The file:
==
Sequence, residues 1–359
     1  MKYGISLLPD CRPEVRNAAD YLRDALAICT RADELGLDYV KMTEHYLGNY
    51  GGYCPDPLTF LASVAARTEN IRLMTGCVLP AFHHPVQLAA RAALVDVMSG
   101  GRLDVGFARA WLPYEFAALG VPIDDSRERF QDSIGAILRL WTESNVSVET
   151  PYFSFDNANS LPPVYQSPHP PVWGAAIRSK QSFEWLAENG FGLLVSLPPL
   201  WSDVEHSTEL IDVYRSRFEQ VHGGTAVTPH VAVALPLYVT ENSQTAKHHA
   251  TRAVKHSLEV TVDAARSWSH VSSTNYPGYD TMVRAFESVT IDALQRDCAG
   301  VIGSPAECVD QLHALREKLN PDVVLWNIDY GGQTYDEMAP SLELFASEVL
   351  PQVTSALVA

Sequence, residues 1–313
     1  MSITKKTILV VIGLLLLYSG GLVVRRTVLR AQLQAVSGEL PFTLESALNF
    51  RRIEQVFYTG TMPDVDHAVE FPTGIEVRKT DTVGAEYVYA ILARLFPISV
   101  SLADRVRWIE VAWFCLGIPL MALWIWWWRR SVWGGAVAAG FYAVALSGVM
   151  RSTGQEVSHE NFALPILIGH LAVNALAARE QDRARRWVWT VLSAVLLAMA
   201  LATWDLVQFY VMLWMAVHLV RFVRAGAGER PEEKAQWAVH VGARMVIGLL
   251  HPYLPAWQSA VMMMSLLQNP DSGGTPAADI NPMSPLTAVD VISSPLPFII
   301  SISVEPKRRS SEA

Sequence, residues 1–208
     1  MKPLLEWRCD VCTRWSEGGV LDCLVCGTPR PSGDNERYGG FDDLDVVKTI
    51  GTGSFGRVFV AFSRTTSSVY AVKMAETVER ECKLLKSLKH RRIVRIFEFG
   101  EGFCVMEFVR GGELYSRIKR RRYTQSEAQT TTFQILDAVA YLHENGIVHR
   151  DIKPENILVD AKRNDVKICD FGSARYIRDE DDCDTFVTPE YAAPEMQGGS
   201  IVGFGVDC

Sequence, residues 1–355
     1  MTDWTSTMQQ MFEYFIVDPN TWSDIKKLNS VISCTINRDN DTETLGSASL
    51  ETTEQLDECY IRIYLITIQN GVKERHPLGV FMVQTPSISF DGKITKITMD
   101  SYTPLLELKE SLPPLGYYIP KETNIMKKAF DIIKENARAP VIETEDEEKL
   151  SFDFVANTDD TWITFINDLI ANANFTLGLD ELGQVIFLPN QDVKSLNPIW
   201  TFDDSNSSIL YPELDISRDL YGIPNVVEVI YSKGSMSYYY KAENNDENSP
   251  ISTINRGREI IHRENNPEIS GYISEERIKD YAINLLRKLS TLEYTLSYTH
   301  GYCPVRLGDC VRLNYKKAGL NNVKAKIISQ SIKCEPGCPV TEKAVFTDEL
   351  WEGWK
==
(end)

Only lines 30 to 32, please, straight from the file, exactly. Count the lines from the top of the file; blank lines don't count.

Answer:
   251  ISTINRGREI IHRENNPEIS GYISEERIKD YAINLLRKLS TLEYTLSYTH
   301  GYCPVRLGDC VRLNYKKAGL NNVKAKIISQ SIKCEPGCPV TEKAVFTDEL
   351  WEGWK